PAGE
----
Blame it on your genes and yourself too. Scientists, lead by Dr Debra A. Schaumberg from Brigham and Women's Hospital in Boston, US, have reported that the presence of a gene mutation as well as risk factors like smoking and obesity increase the chance of developing age-related macular degeneration.
The gene mutation :complement factor H (CFH Y402H) mentioned in the Archives of Ophthalmology, has been studied and shown to lead to AMD which is a potentially blinding eye disorder.
Schaumberg's team studied how genes and lifestyle interact to increase the risk of AMD in 457 men and women with AMD and 1071 "controls," subjects of the same age without AMD.
All of these individuals have been followed regularly since the late 1970s or 1980s as part of either the Nurses' Health Study or the Health Professionals Follow-Up Study.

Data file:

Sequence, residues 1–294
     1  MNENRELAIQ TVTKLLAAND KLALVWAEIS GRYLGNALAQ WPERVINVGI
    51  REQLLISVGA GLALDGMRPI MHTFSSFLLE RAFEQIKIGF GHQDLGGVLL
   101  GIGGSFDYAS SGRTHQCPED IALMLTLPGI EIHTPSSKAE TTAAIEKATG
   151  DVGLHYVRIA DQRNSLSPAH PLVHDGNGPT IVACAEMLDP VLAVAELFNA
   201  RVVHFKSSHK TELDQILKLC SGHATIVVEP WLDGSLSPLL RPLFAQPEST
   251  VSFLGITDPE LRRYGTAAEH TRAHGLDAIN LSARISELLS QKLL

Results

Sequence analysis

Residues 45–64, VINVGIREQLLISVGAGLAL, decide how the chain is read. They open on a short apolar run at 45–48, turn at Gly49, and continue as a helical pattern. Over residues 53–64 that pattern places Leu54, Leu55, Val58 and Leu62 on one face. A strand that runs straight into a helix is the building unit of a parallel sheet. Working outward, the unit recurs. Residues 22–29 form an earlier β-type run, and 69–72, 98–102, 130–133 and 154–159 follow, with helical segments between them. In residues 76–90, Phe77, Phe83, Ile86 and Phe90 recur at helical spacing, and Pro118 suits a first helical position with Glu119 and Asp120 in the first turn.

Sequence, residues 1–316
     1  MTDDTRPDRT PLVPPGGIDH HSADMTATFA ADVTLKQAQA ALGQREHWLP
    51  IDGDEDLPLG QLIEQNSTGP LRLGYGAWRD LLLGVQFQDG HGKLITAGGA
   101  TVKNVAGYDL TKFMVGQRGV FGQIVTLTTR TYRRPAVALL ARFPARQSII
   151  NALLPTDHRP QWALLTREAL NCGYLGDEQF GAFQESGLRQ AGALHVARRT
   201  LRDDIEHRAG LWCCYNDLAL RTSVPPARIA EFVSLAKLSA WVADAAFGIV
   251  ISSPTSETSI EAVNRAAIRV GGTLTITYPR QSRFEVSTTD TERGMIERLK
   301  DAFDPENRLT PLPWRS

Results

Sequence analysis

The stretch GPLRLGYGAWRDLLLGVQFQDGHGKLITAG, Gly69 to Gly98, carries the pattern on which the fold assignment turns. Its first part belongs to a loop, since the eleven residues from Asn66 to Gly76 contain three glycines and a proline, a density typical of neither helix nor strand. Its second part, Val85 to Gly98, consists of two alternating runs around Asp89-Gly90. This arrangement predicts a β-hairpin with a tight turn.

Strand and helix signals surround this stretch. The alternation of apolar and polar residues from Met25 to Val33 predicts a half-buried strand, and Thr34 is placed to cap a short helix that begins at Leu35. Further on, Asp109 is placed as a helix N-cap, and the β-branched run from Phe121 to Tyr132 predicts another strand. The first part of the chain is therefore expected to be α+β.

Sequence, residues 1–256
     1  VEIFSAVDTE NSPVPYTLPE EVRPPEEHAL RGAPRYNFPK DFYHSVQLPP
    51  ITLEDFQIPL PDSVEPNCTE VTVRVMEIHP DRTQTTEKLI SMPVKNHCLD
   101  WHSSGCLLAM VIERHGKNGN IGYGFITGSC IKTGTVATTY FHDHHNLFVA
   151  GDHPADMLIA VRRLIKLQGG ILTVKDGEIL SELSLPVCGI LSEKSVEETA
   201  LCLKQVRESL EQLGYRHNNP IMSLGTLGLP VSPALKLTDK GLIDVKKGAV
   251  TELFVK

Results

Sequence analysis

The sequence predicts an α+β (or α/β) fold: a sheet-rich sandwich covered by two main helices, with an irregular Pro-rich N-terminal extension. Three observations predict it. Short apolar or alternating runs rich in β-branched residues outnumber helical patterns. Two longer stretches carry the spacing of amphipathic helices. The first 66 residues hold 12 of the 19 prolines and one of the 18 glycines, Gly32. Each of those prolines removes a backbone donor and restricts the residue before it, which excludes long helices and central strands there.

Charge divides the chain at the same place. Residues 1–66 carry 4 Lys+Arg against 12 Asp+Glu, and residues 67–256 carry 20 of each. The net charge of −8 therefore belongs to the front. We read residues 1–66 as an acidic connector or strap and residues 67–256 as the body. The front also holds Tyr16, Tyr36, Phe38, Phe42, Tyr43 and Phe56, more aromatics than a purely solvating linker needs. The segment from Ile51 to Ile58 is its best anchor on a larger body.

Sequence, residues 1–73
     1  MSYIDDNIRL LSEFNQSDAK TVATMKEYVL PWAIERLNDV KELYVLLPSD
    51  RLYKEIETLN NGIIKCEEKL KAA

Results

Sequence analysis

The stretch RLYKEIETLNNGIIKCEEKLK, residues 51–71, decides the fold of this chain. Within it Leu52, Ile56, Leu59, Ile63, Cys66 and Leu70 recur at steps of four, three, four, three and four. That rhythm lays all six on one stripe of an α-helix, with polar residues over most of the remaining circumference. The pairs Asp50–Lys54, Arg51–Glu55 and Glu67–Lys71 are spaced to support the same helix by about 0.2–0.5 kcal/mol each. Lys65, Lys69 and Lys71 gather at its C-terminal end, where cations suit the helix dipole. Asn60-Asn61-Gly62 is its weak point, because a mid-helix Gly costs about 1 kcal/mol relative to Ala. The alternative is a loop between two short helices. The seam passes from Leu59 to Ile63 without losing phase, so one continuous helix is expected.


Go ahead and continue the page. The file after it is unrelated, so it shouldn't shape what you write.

According to the report, individuals with one or two copies of the CFH mutation were nearly twice and four times, respectively, more likely to develop AMD.
Says Schaumberg, "Although the identification of the genetic risk factors is a milestone in our understanding of macular degeneration, we should not forget the importance of the 'traditional' risk factors such as smoking and obesity. These are the factors that a person can do something about now. Never start smoking, or stop if you already have; eat well to prevent obesity, or lose weight if already obese."